July 20th, 2002

The Premiere OnLine Magazine for the Fly Fishing Enthusiast.
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Junk Water
By Paul Dieter (pdieter)

Two weeks on the road with the family livin' large and flinging the occasional fly. Several days of famous waterways and highways, doing fly-bys on rivers whose names are all I know of them. Glancing up watersheds thinking "someday I'll go up there and search for grace." While keeping a steady existence in chaos at 80 mph and dreaming of riffles and runs I hear from the back seat, "Daddy, there's a good spot to find a fish, right there in those rocks!" That's my girl, she's pointing out junk water at interstate speeds.

All these flawless numinous moments in intervals within my memory lie at my feet like stripped line, stored in anticipation of the next big take. My brother in-law standing on the side of Rapid Creek beaming like the Cheshire Cat and saying "big fish; big food" while my arms still tingle from landing and releasing a 20" rainbow. I caught the fish in two casts. The first one stopped on the final back cast in a shrub 15 feet off the bank, and Jon kindly unhooked it for me. The second cast was a 35' cross over the body reach cast, right up the far side of a downed tree that stopped on the second strip. It wasn't a limb it was a fish with shoulders. A gaudy flashabugger tied with all the weight my 4wt can toss...big fish; big food.

Tail water fishing in the glory of Cheesman canyon I cast over a rising fish to run my weighted nymph rig down the seam of the pool. Too lazy to change over to a dry and too confident that I'm just as likely to hook into a better fish under the surface. Climbing through the boulders on the far side fishing junk water and already an hour beyond when I said I'd be back at the cabin. I've hooked and been played by many fish and even gotten one or two to my net. This place has a personality that demands to be reckoned with; on it's terms. It's only consolation to my own personal style is to reward me for fishing the scrambling junk water with plenty of action. Some pockets and seams are overlooked by the masses as being too small, too fast, too hard to wade or to cast too; just plain junk water.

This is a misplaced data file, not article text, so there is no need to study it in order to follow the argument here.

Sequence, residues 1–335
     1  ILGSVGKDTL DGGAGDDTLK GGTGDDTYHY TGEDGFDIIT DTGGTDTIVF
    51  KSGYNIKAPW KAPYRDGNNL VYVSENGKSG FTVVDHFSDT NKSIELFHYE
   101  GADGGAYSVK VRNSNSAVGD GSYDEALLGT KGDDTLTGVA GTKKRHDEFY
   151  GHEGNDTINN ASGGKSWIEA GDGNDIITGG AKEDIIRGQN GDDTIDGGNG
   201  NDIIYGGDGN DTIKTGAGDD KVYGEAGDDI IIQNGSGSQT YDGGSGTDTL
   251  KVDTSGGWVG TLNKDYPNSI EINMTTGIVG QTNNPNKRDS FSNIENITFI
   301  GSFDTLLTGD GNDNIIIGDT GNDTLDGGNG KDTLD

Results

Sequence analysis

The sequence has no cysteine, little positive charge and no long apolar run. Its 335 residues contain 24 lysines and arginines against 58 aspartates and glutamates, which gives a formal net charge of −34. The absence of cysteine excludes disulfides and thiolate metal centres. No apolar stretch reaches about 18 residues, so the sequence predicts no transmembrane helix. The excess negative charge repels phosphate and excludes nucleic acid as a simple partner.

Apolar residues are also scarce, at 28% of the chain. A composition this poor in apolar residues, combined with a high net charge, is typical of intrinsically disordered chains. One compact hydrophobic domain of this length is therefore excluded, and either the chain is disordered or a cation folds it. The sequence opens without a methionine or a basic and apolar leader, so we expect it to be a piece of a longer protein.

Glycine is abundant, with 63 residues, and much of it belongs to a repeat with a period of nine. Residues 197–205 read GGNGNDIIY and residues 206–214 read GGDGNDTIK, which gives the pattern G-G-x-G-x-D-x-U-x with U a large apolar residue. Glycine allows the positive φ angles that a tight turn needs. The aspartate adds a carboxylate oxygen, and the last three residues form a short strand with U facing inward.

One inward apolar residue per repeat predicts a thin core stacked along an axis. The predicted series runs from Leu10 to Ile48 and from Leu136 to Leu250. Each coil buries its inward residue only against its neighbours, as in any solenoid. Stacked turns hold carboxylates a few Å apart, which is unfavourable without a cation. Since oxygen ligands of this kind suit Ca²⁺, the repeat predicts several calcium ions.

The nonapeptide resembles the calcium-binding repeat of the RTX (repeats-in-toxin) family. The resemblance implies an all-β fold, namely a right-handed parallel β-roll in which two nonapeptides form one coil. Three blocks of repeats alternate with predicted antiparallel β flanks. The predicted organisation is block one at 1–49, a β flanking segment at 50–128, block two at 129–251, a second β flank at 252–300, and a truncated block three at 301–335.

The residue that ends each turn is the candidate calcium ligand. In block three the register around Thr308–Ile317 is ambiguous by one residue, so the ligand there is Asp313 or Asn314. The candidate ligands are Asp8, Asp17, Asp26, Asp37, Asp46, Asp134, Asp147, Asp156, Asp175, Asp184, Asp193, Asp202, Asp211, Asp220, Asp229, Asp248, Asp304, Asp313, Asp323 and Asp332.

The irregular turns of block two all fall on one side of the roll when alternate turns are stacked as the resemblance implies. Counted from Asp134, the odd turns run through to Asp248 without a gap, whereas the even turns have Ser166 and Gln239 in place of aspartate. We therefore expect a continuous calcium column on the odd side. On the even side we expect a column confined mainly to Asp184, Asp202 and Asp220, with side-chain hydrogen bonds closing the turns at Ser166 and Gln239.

Two hours of grace on the upper Arkansas while the women explore the shops of Leadville. Some fine rancher has onsented to access and the Government is attempting to restore the habitat giving us family men the chance to get some fishing in right off the road. The place might be the twin brother of the warm springs area of the Clark Fork. Yellowest browns I've ever seen; no idea why.

Down on the lower S. Platte I've come to settle into a stretch of heavy pockets which is constantly ignored. People seem to hit the areas on either end and sometimes dabble in a pocket next to shore but I took one look at this water a few years ago and couldn't resist wading into the middle of the river and work drops and pockets for hundreds of yards. Learning new waters can be so much like the story of the six blind men from Indostan trying to decide what an elephant is. It's very easy to get trapped by taking little snippets of information and extrapolating it into a grand description of "the way it is." Everything about fishing denies this narrow definition but we need so desperately for things to be definite we often ignore the most obvious lessons in nature.

The best blind date of my life ended up being set up on-line with a guy called Maverick. He was every bit the gentleman. He brought me to a grand ball and let me dance with all the fishies, then kindly brought me home tired and worn out but unmolested. Fishing shoulder to shoulder wading up the Platte with the water divided down the middle; not the sort of fishing you can do with just anybody...especially the first time.

It has taken me several decades to understand a gift of seeing things differently. To see beauty, opportunity, and joy where so many others see chaos, turmoil and desolation. Every time I pick up a fly rod and wade into the waters I know class is in session and if I don't fall asleep or daydream with a cluttered mind there will be wonderful lessons to be learned. Preconceptions can only get me so far and then I need to open my mind to the paradoxes and parables of the natural realm in order to cross its thresholds. ~ Paul Dieter


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